Listening For The Ocean




I am at the ocean. 
 
It’s been more than a year.
 
Two-and-a-half years ago, I go to the ocean with my new love. Already something seems to be wrong within my body –but I pass it off to a year of hard knocks. Breast cancer surgeries and radiation treatments, grad school study marathons, and my first sessions with clients as a brand-new therapist in practicum.
 
Eighteen months later, I am done with grad school and almost a thousand hours of client sessions. My youngest child graduates from high school. My oldest child navigates a sexist program at their university and a truly evil roommate situation and survives a complete physical breakdown resulting in pneumonia. I fly to California on a rescue mission, Strong Mama. My youngest child fledges to college in California. I graduate with my Masters in Counseling, finish the major renovation of the new house I will share with my beloved. I take and pass the National Counseling Exam and am at a standstill until I am licensed.
 
We go to the ocean. My love sits with me at the edge of the water and holds me as I realize this thing I have in my body isn’t just stress. 
 
Back in Austin, I begin work seeing clients as a post-graduate. Before my eyes, my body --once supple and strong—changes. Thickens. Sits awash in pain that I can’t seem to describe. I lose my decade-old daily yoga practice, pose by pose.
 
I do the round of doctors, including the rheumatologist who prescribes a drug that I have taken before that resulted in a 30-pound weight gain and the feeling of having had a lobotomy. She assures me it can’t have been the medicine. We enter into lockdown for the pandemic. My life shrinks to working from home –no live music, no walks around Town Lake, no dinner parties. At night, I sit on the porch, drinking first wine and then hard liquor because only that seems to dull the pain.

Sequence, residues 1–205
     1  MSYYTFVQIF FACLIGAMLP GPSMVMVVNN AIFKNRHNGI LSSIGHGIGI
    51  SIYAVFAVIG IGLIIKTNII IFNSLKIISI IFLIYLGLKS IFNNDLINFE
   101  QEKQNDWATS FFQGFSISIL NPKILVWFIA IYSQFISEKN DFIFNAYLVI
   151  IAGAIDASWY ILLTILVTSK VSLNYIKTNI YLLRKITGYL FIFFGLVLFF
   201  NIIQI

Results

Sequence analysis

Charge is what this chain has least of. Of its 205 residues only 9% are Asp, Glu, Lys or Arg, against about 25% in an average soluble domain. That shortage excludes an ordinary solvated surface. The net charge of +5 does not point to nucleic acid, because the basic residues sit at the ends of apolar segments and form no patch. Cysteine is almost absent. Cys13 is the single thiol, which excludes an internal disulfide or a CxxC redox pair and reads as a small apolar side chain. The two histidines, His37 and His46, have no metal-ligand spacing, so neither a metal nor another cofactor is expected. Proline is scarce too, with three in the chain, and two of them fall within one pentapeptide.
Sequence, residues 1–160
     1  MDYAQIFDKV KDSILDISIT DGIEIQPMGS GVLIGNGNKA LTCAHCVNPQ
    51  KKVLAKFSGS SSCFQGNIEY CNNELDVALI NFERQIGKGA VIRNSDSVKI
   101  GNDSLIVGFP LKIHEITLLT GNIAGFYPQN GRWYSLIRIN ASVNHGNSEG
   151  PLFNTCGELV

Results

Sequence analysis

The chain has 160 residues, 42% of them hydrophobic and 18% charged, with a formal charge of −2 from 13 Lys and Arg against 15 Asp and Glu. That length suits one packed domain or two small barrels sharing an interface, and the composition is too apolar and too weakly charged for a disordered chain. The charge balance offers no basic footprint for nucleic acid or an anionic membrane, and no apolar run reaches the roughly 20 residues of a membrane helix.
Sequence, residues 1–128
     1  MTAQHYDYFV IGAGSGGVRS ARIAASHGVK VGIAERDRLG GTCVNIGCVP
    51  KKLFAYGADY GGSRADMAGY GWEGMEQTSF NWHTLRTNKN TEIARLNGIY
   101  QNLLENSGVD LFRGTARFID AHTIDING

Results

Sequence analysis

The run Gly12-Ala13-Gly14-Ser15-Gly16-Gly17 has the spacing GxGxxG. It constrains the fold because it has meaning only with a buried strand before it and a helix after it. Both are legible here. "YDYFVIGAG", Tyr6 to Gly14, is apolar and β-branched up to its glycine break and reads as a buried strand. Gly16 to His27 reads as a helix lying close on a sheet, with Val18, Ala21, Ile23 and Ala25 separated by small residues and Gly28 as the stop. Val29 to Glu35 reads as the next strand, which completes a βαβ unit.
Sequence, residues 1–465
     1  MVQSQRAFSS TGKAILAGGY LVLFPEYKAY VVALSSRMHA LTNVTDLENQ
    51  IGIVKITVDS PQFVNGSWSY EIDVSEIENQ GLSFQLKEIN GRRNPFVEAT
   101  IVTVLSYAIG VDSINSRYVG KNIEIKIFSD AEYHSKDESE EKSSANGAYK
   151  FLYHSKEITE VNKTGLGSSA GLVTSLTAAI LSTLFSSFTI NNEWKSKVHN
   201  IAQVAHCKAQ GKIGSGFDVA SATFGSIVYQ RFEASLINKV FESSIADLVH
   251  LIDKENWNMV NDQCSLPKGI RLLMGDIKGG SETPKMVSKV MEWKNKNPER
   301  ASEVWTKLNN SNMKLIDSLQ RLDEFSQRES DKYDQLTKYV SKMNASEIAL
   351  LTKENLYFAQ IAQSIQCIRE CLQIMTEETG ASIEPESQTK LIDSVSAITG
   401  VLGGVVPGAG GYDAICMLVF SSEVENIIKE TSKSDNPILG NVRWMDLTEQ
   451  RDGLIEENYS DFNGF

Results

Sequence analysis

My body continues to change, now the arthritis moves into my feet and hands. I can no longer walk with my love as he walks our dogs around the block. I gain 30 pounds which causes me more shame than is reasonable. I feel like I have had a lobotomy, but not only because I have brain fog. I honestly can’t feel much of anything, good OR bad. I wean off the medicine. I stop drinking.
 
Now, we are at the ocean. On the first day, I hobble down the beach with the support of my beloved. I am inconsolable as I do the chronology of this disease and contemplate that by next year, I may not be able to walk down the beach at all. I want to feel like I can come back from this; that I can launch a new effort and beat this thing and rise like a phoenix from the ashes. I have done this before, I reason. 
 
But this time I do not have hope. Something is eating me from the inside, slowly. It’s worse than breast cancer which was cut out of me and done with. This feels like the blight on the roses, it creeps forward, inch-by-inch, and leaves waste in its wake. I cannot hear what I should do nor what lesson I am to take from this journey.
 
I come to the ocean for it to whisper what I need to hear. 
 
I am listening.


(Please note: I don't need medical advice, but thank you for loving me.)

Comments

ccr in MA said…
Oh, Barb, I am so very sorry. I will be thinking of you.
Kim said…
I love you, Barb.
Elaine said…
Beautifully tragic ❤️ Tragically beautiful